Pictures Of Tattoo DesignsSource:- Google.com.pk
Tattoos on Sheriff's Deputies
I read "The Secret Society Among Lawmen" (March 24) with interest. I am a law enforcement supervisor with 23 years on the job and still working "the street." I think I am probably more in touch with young line officers than the senior management quoted. In your article tattoos are given a sinister meaning that is out of touch with today's realities. Using the presence of tattooing by young deputies as evidence of secret societies without more explanation about tattoos is unfair.
I supervise young police officers and notice that many of them, as well as many young adults, have tattoos. In my 44-year-old mind, tattoos are evidence of foolish, drunken behavior or antisocial tendencies. Unfortunately, this paradigm doesn't work anymore--tattoos are as common as shirts with little feet embroidered on the pocket were when I was young.
Truly, I don't like tattoos and probably never will. But they are common expressions of fashion and acceptance today for a different generation.
How can our society expect young people to stay out of gangs when our law enforcement officers are themselves members of gangs? I would consider police gangs to be considerably more dangerous to the public than street gangs, because their activities are protected from the laws which are used to control street gangs. Until the proper authority, be it the state attorney general's office, the FBI or the Justice Department, deals with the problems of unreasonable and oppressive police activity in all law enforcement agencies, the public will continue to lose its trust in the government and its agents.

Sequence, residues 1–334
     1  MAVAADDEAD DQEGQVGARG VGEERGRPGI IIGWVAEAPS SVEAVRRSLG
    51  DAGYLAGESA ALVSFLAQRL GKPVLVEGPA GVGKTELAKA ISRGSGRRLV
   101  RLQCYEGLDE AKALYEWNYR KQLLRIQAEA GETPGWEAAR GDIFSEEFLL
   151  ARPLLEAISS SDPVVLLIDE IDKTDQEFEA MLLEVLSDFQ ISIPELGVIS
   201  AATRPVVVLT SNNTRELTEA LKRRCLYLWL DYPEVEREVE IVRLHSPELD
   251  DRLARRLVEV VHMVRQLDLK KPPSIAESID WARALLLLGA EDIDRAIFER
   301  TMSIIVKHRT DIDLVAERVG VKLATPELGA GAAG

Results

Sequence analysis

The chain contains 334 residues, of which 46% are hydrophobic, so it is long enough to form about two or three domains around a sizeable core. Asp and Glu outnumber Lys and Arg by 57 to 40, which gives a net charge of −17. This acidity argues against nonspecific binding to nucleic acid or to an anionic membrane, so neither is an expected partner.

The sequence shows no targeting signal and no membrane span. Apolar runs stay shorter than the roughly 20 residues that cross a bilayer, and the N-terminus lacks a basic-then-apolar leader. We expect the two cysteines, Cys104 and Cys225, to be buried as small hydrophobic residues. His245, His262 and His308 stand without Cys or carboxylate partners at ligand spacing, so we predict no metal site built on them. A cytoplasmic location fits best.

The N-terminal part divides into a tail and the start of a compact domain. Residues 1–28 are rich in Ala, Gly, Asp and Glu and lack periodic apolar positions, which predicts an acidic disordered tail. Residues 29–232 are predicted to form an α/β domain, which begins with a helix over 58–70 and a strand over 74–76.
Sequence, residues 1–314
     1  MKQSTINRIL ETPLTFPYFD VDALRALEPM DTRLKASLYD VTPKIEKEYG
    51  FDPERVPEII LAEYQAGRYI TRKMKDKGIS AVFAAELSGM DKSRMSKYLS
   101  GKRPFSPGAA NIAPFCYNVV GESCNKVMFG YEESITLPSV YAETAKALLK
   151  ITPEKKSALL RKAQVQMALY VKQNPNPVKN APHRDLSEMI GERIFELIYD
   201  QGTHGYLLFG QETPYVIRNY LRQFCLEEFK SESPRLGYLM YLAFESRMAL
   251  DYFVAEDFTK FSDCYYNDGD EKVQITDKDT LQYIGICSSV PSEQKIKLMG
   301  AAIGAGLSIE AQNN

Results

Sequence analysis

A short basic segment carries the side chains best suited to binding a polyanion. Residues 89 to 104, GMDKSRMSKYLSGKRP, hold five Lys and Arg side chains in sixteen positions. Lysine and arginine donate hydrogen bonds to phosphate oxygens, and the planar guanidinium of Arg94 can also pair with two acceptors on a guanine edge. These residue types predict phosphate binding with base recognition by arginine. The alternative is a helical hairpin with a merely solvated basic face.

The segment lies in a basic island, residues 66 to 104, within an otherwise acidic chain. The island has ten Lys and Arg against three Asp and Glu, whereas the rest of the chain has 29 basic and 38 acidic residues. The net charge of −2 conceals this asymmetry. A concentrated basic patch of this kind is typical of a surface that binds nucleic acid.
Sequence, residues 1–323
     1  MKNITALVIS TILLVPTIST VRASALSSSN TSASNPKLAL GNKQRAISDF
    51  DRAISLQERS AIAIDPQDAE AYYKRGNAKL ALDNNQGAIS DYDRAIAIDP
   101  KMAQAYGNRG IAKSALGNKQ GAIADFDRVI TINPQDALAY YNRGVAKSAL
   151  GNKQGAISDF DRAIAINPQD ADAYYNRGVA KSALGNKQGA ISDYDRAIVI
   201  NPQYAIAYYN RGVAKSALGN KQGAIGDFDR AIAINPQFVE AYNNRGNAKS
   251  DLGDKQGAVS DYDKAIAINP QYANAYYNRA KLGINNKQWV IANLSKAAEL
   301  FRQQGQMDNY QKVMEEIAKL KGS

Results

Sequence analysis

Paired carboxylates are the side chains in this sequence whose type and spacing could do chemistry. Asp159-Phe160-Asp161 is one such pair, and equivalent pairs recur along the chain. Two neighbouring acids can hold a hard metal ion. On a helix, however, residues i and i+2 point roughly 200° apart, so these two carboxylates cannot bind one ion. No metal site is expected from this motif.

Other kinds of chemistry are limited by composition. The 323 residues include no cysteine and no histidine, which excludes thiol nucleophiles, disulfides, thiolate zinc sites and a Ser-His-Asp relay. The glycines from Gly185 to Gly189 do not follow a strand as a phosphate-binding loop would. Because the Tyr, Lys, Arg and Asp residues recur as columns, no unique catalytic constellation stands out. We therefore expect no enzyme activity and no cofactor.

While I'm writing my monster redux of the Traditional Tattoo & World Culture Fest, I thought I'd give ya a preview of a wonderful experience we had: watching the skin sewing method of tattooing done by the always awesome Colin Dale of Skin & Bone in Copenhagen, Denmark.
Brian entered Colin's tattoo tent just as a reporter from Bizarre Magazine had begun to interview him, and so Brian was able to capture a part of that discussion (about three minutes) where Colin talks about the history of skin sewing. There are also close-ups of the procedure in the video that will make you feel that phantom pain while watching. the video starts off with a quick line where Colin makes fun of my NY accent.]
Skin sewing was practiced by the Inuit people of the Arctic. Dr. Lars Krutak, our favorite anthropologist and Tattoo Hunter, wrote an article called Tattoos of the Hunter-Gatherers of the Arctic, which examines the ancient art. Here's a bit from that article:
"As a general rule, expert tattoo artists were respected elderly women. Their extensive training as skin seamstresses (parkas, pants, boots, hide boat covers, etc.) facilitated the need for precision when 'stitching the human skin' with tattoos. Tattoo designs were usually made freehand but in some instances a rough outline was first sketched upon the area of application."
Yesterday, the Nowness premiered its film on Horiyoshi III: a beautiful collage of tattoos, historical imagery and scenes from Yokohama (home to his studio) surrounding an interview in which the master explains symbolism in Japanese motifs, his methods, the culture of tattooing and how he wants to see greater acceptance of the art.
Entitled Horiyoshi The Third: The Skin Carver, photographer and director Johnnie Shand Kydd's not only looks at Horiyoshi's master craftsmanship, but also "examines the recent influence of tattoos in fashion while taking a look at the tattoo legend's latest clothing and accessories line."